Having a pet is one of the greatest joys in life. Pets offer companionship, mercy, and acceptance in a world that often lacks greatly in all three of these characteristics. I have only had 3 pets in my whole life, all cats, and each of them has played an integral part in my growing process.
The first cat was one I adopted from a friend at age of eighteen. This cat's name was Buddha, even though he was skinny and anxiety ridden. He used to suckle at your arm as though you were a salt lick. I was told this behavior occurred because he was removed from his mother too soon. Buddha was my partner when I moved out of an abusive relationship. Buddha helped me take the heat of learning how to be whole without being defined by the crazy person you were with. As importantly, Buddha needed me at a time when I felt very little worth. Being needed, even by an anxiety ridden cat is worth something.
The second cat was the feline love of my life. His name was Maximillian, and he embodied everything that a perfect partner should. He was loyal, he was clean, he was friendly to most humans. We had ten beautiful years together. He learned to walk on a leash, would ride on my shoulder as kitten, and was basically one of my best friends. The year I dated Nascar Pitcrew long distance, I found out he had diabetes. I chose not to give him insulin therapy, mainly due to cost, but also because I spent every other weekend with Nascar in Reno. Maxcat died July 23, 2007, and his dying process was arduous. I do not regret my decision to not prolong his life with daily injections, but I do miss him terribly, even today.
Today, I have a cat named Sam. She is finicky, moody, and I am her least favorite human in our house. My ego is bruised by her obvious distrust of me, and I feed into her negativity by grumbling at her. She has peed on our hardwood floors (ruining them), turned my new rug into her scratching post, and peed on my bed. Still, I consider her my animal partner. I have learned so much about independence from this strange little creature. She was a stray, living outside, before she was handed to me by some close friends. I recognize that we have been brought together for a reason. My relationship with her has been all about compromise of expectations. The wood floors have been bleached, the rug has been sprayed with animal repellent, the bed has been disinfected. I cannot even blame her for these acts, as none of them were vengeful. She is a lost creature, not very skilled in trusting, and I am a rough guardian, with expectations of her that are not aligned with what she has to offer. Over the last few weeks, we have reached a nice balance. She does not scratch or pee anywhere inappropriate, and I greet her with kind words and gentle caresses. Three or four times a week, she allows me to brush her long fur and we spend a few cherished minutes bonding.
Gabby, our lovely roommate is one of Sam's favorite humans. Nascar is the other. I admit there is jealousy on my part that the cat I wanted, loves them more. Another life lesson: sometimes tolerance of others choices is necessary and prudent (even your cat's).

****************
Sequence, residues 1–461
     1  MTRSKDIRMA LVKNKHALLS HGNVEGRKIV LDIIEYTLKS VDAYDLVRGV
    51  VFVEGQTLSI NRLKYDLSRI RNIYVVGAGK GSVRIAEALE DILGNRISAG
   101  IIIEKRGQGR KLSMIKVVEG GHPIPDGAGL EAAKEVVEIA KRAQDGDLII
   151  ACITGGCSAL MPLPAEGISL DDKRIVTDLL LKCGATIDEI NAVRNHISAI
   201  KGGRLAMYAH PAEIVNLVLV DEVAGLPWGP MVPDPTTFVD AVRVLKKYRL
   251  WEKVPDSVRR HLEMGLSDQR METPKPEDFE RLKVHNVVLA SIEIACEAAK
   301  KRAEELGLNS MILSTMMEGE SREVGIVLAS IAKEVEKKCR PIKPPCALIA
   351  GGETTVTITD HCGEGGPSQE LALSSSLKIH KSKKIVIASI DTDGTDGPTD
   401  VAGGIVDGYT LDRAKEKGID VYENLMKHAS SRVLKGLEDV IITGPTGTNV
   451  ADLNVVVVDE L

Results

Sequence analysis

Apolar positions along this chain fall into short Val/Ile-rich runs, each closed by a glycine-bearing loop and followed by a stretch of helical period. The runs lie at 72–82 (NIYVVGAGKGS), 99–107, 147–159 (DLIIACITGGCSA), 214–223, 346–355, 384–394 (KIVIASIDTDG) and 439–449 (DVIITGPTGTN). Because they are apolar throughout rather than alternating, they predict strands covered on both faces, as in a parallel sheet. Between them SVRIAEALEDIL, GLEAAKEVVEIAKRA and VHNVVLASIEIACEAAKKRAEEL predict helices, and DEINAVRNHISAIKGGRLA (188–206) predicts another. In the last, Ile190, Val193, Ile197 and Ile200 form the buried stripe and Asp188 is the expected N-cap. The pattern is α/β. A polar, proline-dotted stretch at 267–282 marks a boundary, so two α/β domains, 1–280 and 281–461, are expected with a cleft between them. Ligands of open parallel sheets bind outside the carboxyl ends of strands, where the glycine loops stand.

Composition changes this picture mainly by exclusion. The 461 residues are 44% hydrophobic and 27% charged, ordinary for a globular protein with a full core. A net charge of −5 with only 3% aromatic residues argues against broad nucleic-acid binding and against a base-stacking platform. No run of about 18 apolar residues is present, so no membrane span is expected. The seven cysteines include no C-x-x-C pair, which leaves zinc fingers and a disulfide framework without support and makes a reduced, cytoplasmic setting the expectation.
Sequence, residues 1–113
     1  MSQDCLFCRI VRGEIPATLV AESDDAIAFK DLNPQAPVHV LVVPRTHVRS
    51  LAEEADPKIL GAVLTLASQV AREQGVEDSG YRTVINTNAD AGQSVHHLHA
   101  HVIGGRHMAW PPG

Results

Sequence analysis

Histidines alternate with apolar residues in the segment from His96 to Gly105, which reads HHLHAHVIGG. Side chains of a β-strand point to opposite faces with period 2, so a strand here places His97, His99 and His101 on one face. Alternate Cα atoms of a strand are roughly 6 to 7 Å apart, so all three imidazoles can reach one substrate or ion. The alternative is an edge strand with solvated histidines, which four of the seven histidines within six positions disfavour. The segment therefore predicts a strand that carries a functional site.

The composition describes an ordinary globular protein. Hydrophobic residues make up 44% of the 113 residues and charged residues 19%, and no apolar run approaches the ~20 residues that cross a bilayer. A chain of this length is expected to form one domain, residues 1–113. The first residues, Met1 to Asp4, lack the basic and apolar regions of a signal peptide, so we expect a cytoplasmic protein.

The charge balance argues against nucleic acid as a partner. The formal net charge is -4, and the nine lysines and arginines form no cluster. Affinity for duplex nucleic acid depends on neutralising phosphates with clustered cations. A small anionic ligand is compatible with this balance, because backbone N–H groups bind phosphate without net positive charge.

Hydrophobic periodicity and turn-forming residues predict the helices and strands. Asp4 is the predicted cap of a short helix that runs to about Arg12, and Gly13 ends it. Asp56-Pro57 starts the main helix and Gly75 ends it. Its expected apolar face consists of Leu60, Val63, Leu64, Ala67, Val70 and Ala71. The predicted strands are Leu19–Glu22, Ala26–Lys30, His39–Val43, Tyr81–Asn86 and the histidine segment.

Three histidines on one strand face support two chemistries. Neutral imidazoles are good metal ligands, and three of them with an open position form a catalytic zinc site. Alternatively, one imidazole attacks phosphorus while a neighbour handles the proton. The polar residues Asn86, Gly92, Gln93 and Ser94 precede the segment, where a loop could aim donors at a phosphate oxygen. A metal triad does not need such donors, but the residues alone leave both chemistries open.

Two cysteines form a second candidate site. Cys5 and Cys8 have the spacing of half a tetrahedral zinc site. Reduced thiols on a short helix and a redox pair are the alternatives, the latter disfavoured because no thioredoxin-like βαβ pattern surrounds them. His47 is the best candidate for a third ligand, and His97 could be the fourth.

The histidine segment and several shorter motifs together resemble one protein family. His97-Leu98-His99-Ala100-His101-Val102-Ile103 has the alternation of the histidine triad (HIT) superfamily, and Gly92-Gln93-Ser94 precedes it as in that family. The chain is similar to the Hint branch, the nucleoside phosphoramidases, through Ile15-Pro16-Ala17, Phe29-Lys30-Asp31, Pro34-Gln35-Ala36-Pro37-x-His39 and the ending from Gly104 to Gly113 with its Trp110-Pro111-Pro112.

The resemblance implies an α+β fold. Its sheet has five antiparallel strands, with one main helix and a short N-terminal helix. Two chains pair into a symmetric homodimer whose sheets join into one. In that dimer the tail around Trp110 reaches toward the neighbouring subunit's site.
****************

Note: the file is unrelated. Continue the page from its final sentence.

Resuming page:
Gabby had 2 beautiful chickens until today. Kid and Play, the chickens, are the inspiration behind this blog post. Gabby has been raising Kid and Play since they were chicks in our backyard. Gabby has developed a true bond with these interesting animals. Every morning she greeted them with their corn and refreshed their water. Kid would let many humans, including me, pick her up, but Play only trusted Gabby. They both would peck grapes from your fingertips and we were usually gifted a fresh egg every morning. They were very fun to play with, even for the little tykes who would come to visit. There is something quite peaceful about having your morning coffee and watching these two creatures frolic in their dirt baths.
While under the care of me and Nascar, Kid and Play were attacked last night. They did not survive the attack. Nascar and I stayed out all night, frolicking at EarthDance, and had chosen to not close the chickens up before leaving for the festival at noon yesterday. We knew we would be out all night, and made a conscious decision to allow Kid and Play the freedom of their yard all day. We usually lock them up at night for safety, but every once in a while, their chicken coop remains open all night. Never had we seen any obvious signs of predators lurking about. Last night, our risk had a poor outcome.
My heart is heavy as I write this. In a few minutes or hours (Gabby is away right now), Nascar and I will have to tell our sister that we let her down. I am saddened by this accident, and feel appropriately guilty, because Gabby loved those chickens. Kid and Play made her smile on the rough days, fed her when she was hungry, and loved her more than any other human they contacted. Kid had a funny strut, and amazing mane of white feathers at the top of her head, and was outgoing and playful. Play, contrary to her name, was more reserved, at times a little sickly, but always ran to meet Gabby every morning. They really were fantastic creature, with personalities and quirks all their own. Kid and Play, you will be missed. Thank you for teaching me about the sanctity of the pet bond, and thank you for all those wonderful eggs. I was lucky to be a part of your lives. I hope Gabby will forgive Nascar and I for allowing harm to come to you. We never meant to cause you girls or Gabby any harm.
RIP Kid and Play.